On unicorns, hobbits and the enchanted forest of writing

Unicorns and hobbits

My daughter is big into unicorns. Huge. She displays academic tendencies and leanings in how she expresses her interest in the world. She likes research. She’s deeply curious. Right now, she wants to know everything there is about unicorns. She wants to read all the books, record all the data. She wants to look at maps and plan trips and excursions to remote locations, to track and spot an elusive unicorn.

I like her style and I perceive her why: She wants to be in the presence of that something elseness, the something that isn’t exactly present in our every day; the something we only half-know and experience on the outermost edges of ourselves.

Her enthusiasm for unicorns reminds me of my enthusiasm at a similar age for hobbits. Seeing Bilbo or one of his mates would have been enough, to be in his presence. But I think also it was about befriending the strange, the other, the something elseness.

In search of the ‘something elseness’

I was as attracted as a moth to the moon by the notion of things unseen and now that I am witnessing this same attraction in my daughter I am led to suspect – this is in fact in all of us.

For many of us, that’s why we read. We’re hungry to get to the place in the story that says the thing that we’re almost aware of. It’s also, I’d wager, why we write. To find the hobbit or the unicorn, to stand in the presence of the something elseness and be – perhaps – transformed by it?

These days, the cynical view of ‘chasing unicorns’ is that it’s a fool’s game. You’re striving for the impossible, it’s a waste of time, a pointless activity.

I think sometimes that is what we tell ourselves about our writing. It’s foolish. It’s a waste of time. We’re striving for the impossible. I just recently watched Ira Glass talking about how critical it is that we don’t quit when we find ourselves in what can feel like this creative wasteland. Most people do. But what lies on the other side of it? If we get over that mountain ridge and face down Smaug might we not go home with gold in our pockets and tales on our tongues?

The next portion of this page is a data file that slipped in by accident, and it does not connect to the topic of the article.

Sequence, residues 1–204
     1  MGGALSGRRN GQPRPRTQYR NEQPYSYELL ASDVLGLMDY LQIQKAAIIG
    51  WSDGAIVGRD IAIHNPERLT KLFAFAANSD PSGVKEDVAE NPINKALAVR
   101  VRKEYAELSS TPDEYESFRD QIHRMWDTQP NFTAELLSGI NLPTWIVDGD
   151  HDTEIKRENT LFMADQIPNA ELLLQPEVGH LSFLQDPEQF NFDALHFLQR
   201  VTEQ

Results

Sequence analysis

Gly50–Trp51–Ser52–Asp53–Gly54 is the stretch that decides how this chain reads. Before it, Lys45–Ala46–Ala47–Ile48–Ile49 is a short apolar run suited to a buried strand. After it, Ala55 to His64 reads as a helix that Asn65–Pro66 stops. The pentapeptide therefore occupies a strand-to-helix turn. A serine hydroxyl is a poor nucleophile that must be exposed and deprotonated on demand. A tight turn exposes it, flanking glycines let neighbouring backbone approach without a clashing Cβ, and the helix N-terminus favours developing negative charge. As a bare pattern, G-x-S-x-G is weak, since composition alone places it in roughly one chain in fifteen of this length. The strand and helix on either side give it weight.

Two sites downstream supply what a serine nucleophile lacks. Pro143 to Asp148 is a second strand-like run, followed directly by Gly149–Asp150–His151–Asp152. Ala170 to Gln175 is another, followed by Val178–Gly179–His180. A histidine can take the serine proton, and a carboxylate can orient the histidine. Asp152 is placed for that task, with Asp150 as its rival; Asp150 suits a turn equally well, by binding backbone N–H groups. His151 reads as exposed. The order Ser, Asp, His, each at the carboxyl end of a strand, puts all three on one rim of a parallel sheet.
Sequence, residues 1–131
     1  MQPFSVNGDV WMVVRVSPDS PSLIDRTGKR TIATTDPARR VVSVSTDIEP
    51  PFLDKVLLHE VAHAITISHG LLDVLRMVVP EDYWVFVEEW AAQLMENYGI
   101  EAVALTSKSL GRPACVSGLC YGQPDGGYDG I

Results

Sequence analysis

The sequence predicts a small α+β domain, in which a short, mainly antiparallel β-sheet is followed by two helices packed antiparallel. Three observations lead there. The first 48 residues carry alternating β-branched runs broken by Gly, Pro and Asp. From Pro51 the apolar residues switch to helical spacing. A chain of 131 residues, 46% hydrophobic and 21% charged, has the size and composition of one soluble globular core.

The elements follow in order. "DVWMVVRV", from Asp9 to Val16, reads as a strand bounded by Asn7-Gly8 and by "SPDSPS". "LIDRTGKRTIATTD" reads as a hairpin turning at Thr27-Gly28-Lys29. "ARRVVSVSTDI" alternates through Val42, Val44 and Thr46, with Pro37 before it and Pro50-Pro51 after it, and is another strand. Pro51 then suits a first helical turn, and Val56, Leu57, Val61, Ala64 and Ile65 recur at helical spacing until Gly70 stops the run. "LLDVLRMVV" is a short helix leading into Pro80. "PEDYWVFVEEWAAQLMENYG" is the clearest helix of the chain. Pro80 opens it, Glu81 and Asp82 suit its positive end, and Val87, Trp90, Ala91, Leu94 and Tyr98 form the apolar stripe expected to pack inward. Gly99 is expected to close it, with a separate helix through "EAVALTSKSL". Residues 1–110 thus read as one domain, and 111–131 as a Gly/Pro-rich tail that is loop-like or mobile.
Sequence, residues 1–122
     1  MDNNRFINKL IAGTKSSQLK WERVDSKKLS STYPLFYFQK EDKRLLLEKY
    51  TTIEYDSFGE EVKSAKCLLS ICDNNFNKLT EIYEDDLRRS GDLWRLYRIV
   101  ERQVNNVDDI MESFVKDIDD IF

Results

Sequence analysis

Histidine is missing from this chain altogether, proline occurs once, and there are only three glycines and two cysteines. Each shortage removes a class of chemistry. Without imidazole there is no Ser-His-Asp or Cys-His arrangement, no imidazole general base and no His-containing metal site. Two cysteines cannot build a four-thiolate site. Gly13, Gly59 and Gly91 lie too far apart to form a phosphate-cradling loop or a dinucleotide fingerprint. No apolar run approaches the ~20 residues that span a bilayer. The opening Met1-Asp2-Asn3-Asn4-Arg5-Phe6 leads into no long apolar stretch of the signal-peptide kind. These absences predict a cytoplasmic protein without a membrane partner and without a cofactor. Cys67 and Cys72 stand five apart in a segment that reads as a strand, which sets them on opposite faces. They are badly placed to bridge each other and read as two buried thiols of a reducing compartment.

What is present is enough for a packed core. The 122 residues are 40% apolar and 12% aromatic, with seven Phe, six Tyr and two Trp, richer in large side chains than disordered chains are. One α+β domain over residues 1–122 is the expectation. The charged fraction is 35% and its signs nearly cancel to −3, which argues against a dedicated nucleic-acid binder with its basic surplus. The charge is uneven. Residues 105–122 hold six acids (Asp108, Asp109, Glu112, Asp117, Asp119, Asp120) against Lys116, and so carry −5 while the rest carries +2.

I think about my daughter. She’s having a blast imaginatively figuring out how to be the person who discovers the unicorn in their natural habitat.

Finding our writerly comrades

I think about us as writers and I think that’s part of the job. Being enchanted by what we do doesn’t mean that we skip endlessly through wildflower meadows like some 1990s shampoo advert. It means sometimes it’s cold and dark and miserable and there are trolls whose only pleasure is in hanging us up by our feet whilst they prepare the fire to roast us on.

That’s when we need comrades, the cut and thrust of a trusty blade, wielded by one who is true of heart, who can cut us down and get us the hell out of the darkness and the danger. We don’t get out to go back to our safe cosy homes, though the thought of them brings comfort; we do it to progress onwards, to find the next adventure, the next tough spot writing wise to get ourselves in and out of.

To paraphrase a wizard – It’s a dangerous business, setting words on the page. There’s no knowing where you might be swept off to. But really, is there anywhere else you’d rather be?

What about your writing?

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